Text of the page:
- Paperback: 432 pages
- Publisher: Penguin Books; Reprint edition (April 30, 2013)
- Language: English
- ISBN-10: 0143123483
- ISBN-13: 978-0143123484
- Product Dimensions: 5.4 x 0.9 x 8.4 inches
- Shipping Weight: 12 ounces (View shipping rates and policies)
- Average Customer Review: 4.7 out of 5 stars See all reviews (45 customer reviews)
- Amazon Best Sellers Rank: #77,924 in Books (See Top 100 in Books)
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The Ocean of Life: The Fate of Man and the Sea Reprint Edition
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“One of the world’s most prominent and articulate marine scientists, Callum Roberts gives us an updated, comprehensive, and engaging account of the ongoing crisis beneath the waves, and how we humans can turn the situation around. Despite the frightening litany of problems facing the seas, Roberts is optimistic that we can and will mend our ways so that marine resources will be there to help support planet Earth.”
—Christian Science Monitor
“Told with both scientific accuracy and narrative skill. . . . I know of no other volume that treats such divergent ocean issues as overfishing, decreasing pH, plastic pollution and biogeographic shifts with this much accuracy and acumen. Each chapter is edged with fascinating details about the life of the sea. At the heart of this book is a deep love of the ocean and a profound concern for its viability as a resource for us all.”
—Stephen Palumbi, Nature
“Roberts is that precious pearl: a practicing scientist who not only knows his field inside out, but also understands how to write compelling, persuasive non-fiction. . . . To use the vernacular of his book, he has trawled and plundered these experiences to craft the nearest thing we are ever likely to get to an all-encompassing manifesto for sustainable marine management.”
“Callum Roberts has done it again. From showing us the past with the wisdom of a Dickens character in his earlier book, he now leads us toward the future in The Ocean of Life. It’s a book so fine, I wish I’d written it!”
—Carl Safina, author of Song for the Blue Ocean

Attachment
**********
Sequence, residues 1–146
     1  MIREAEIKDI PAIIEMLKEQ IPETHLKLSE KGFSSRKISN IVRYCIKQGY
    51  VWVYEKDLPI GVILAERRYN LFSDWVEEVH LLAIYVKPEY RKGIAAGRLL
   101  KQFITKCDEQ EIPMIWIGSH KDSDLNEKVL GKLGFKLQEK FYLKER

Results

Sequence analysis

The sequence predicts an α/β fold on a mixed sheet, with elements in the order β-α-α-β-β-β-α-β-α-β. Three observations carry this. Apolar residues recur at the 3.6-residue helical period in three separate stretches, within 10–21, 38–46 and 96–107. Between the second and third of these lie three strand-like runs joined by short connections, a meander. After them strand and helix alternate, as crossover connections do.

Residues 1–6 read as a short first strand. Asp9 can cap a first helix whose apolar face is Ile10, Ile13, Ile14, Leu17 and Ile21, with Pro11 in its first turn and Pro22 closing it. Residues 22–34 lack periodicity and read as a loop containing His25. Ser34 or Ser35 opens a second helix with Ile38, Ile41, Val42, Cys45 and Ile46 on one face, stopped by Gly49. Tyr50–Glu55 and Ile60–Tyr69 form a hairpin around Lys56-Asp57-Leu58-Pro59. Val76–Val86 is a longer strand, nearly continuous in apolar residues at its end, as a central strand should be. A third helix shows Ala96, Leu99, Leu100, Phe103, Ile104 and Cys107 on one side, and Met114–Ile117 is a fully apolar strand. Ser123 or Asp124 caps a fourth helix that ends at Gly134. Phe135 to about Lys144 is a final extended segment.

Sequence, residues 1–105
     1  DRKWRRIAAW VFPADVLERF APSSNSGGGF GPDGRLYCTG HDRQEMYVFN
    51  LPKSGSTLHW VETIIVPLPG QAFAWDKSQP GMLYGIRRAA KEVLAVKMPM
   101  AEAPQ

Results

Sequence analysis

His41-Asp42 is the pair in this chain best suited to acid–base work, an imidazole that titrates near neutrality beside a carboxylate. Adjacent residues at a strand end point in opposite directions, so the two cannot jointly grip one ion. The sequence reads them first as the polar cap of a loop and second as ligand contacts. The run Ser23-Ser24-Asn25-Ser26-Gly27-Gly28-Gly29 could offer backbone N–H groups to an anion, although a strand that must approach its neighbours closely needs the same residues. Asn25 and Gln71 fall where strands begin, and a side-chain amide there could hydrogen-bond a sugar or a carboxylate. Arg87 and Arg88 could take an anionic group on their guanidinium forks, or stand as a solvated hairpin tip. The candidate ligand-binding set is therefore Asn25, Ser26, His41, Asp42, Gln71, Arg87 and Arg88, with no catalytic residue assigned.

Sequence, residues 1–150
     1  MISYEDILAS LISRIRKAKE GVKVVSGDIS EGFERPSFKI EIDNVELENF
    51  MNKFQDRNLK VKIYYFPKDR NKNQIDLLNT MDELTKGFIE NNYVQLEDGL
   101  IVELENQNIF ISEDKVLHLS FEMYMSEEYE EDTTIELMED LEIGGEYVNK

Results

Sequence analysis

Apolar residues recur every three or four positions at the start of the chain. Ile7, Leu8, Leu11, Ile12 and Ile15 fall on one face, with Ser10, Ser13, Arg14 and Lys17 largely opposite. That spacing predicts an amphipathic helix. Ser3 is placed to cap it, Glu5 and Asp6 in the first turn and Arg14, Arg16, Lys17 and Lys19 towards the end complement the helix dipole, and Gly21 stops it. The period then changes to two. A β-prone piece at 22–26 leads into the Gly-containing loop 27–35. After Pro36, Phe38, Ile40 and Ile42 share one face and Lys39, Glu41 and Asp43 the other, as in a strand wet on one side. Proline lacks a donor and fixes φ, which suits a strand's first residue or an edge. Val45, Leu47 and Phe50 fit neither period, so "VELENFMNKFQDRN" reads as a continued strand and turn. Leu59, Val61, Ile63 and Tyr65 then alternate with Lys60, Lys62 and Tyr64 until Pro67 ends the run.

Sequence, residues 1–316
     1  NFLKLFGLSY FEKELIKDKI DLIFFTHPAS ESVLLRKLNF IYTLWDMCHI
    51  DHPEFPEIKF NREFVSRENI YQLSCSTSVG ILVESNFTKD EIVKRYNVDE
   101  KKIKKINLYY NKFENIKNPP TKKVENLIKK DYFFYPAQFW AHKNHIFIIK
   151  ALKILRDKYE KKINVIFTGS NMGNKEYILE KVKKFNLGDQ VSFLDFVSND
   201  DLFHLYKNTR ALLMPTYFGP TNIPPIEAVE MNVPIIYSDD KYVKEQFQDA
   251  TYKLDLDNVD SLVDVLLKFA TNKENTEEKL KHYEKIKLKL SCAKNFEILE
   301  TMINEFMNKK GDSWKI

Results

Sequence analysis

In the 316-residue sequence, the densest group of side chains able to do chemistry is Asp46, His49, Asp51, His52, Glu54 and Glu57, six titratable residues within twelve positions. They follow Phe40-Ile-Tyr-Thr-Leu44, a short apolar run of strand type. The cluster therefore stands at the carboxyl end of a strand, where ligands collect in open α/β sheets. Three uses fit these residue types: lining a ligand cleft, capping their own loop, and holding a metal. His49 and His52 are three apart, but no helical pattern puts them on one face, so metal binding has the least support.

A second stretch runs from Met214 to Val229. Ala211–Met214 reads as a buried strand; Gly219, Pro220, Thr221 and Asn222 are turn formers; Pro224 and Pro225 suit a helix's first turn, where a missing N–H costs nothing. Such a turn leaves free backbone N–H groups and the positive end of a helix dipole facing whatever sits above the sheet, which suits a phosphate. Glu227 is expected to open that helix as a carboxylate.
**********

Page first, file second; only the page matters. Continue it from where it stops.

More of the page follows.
“The urgency of Callum Roberts' message - that we have very little time to save the oceanic environment on which our existence depends - is in no way undermined by the entertaining and brilliantly-written nature of his writing. This is simply a fascinating book, taking in everything from the elemental formations of the oceans to the denizens that inhabit them; from minute plankton to the great whales - and everything that threatens them, and us. Roberts imparts his vast knowledge with a consummate talent for colorful narrative and devastating facts. His book will be required reading for anyone who cares about the oceans—not least because, as well as underlining the scale of the problems, he offers us the hope of real solutions.”
—Philip Hoare, author of Leviathan, or The Whale
“The enormity of the sea’s troubles, and their implications for mankind, are mind-boggling. Yet it is remarkable how little this is recognised. . . . There is a dearth of good and comprehensive books on a subject that can seem too complicated and depressing for any single tome. Callum Roberts, a conservation biologist, has now provided one.”
“The eminent marine biologist Callum Roberts weaves his personal passion for the oceans through the enchanting story of the evolution of the planet’s water… Blending science and observation, he issues a compelling call to move from the catastrophic path we are on. Like Rachel Carson’s seminal book Silent Spring, which catalyzed the environmental movement, The Ocean of Life is eloquent and authoritative.
-- David Suzuki, host of “The Nature of Things”
“Those of us who worry about the future of our oceans could do a lot worse than take up this single refrain, "Listen to Callum Roberts!". Shouted in the ears of the world's leaders, it might just make a difference. Meanwhile we should all read Ocean of Life, a thrilling narrative of oceanic natural history and a vital call to action”